PH, EU to resume FTA talks this year

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PH, EU to resume FTA talks this year
On 18 March, 2024, Trade Secretary Fred Pascual (right) and European Commission Executive Vice President and Trade Commissioner Valdis Dombrovskis announced the resumption of the Philippines-European Union Free Trade Agreement (PH-EU FTA) negotiations. Photo from the EU.
  • The Philippines and the European Union are resuming negotiations for a free trade agreement, with the first round of negotiations expected later this year
  • The Philippines aims for “an ambitious, balanced, and comprehensive FTA with the EU”
  • The Department of Trade and Industry said the PH-EU FTA aims to provide enhanced market access for goods, services and investments, going beyond the benefits of the GSP+

The Philippines and the European Union (EU) are resuming negotiations for a free trade agreement (FTA), with the first round of negotiations expected to take place later this year.

The announcement marks deeper economic ties and unlocks mutual benefits for the Philippines and the EU, the Department of Trade and Industry (DTI) said in a statement.

“Strengthening economic engagement with the EU remains a priority for the Philippines,” Trade Secretary Alfredo Pascual said, adding that the EU is one of the country’s largest trading partners and sources of investment.

European Commission Executive Vice President and Trade Commissioner Valdis Dombrovskis said: “The conditions are right to take our trade relations to the next level. Trade between the EU and the Philippines is already strong and has been growing at an impressive pace over the past decade.”

In a separate statement, the EU said an FTA with the Philippines, which it noted is “a booming economy of 115 million people in the heart of the strategically important Indo- Pacific region, would therefore be a valuable addition to the EU’s network of trade deals.”

The EU said it aims for a comprehensive FTA with the Philippines that includes ambitious market access for goods, services, investment and government procurement; the removal of obstacles to digital trade and trade in energy and raw materials, thereby supporting the digital and green transitions; swift and effective sanitary and phyto-sanitary (SPS) procedures; sustainable food systems (SFS); the protection of intellectual property rights including Geographical Indications (GIs) and robust and enforceable disciplines on trade and sustainable development (TSD) – in line with the European Commission’s TSD review Communication of June 2022, supporting high levels of protection for workers’ rights, the environment, and the achievement of ambitious climate goals.

The Philippines, meanwhile, aims for “an ambitious, balanced, and comprehensive FTA with the EU.”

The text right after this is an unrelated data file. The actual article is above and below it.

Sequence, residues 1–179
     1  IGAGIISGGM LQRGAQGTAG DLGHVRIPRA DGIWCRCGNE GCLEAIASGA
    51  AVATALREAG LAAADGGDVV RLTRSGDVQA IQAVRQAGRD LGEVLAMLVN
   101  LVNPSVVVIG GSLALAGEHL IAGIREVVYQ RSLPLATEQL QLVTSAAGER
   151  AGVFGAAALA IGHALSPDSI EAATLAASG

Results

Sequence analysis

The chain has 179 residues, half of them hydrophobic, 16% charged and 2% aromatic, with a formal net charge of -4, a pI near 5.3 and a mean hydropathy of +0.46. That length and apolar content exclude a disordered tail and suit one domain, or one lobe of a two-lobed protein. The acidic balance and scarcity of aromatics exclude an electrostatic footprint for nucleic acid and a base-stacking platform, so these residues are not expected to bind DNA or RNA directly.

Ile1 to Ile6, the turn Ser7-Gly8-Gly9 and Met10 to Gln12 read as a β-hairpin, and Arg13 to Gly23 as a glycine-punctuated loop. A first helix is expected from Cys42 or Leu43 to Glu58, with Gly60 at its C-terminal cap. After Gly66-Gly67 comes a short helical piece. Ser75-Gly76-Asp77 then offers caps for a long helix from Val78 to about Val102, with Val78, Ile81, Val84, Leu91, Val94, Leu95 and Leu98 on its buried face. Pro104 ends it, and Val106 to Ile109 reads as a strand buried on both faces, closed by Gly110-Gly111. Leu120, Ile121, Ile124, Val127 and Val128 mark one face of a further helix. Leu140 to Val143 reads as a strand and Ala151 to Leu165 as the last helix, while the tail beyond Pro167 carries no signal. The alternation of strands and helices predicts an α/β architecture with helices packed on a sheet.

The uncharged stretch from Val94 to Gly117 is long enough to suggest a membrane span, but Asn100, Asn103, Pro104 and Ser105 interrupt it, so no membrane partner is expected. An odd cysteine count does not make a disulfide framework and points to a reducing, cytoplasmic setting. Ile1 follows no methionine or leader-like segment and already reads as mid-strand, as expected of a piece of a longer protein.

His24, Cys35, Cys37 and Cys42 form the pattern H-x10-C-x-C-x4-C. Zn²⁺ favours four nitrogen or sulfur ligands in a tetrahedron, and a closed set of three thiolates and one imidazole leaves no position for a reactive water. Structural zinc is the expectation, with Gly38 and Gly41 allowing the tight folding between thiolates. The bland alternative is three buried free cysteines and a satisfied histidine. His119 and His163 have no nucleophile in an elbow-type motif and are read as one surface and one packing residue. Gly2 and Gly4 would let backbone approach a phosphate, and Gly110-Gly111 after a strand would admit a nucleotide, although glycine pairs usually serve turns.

“Our approach is guided by the Philippine Development Plan 2023-2028, directing us to advance purposive, assertive, and forward-looking FTAs,” Pascual added.

The EU and the Philippines first launched negotiations for an FTA in 2015. The last negotiating round took place in 2017 and negotiations have since been on hold. On June 30, 2022, the current administration assumed office and has shown willingness to engage with the EU on key issues of importance. In 2023, the EU and the Philippines launched a stocktaking exercise to assess their readiness to resume negotiations for an FTA, which was concluded at the end of 2023, confirming that a resumption of negotiations would be appropriate.

In 2023, the EU emerged as the country’s 5th largest trading partner with total trade amounting to $16.16 billion (8.1% share to PH total trade), the 6th export market with $8.37 billion, and the 6th import supplier valued at $7.79 billion. Similarly, the EU has been a major foreign investment partner, with total foreign direct investments reaching $29.16 million in 2022 and $63.99 billion in 2023.

Over the past decade, the Philippines’ trade engagement with the EU has primarily occurred within the EU Generalized System of Preferences Plus (GSP+) offering zero tariffs on more than six thousand tariff lines or 66% of all EU tariff lines. The GSP+ has significantly benefitted numerous communities, including General Santos, Davao, Cebu, and economic zones situated in cities such as Laguna, Cavite, and Batangas.

Moreover, it catalyzed foreign investment, particularly in electronics, agriculture, processed foods, apparel, craft goods, travel goods, and home appliances.

“As we look ahead, the Philippines is committed to deepening economic ties and fostering cooperation with the EU across emerging trade areas like critical raw materials, climate change, environmental sustainability, labor, and good governance,” Pascual said.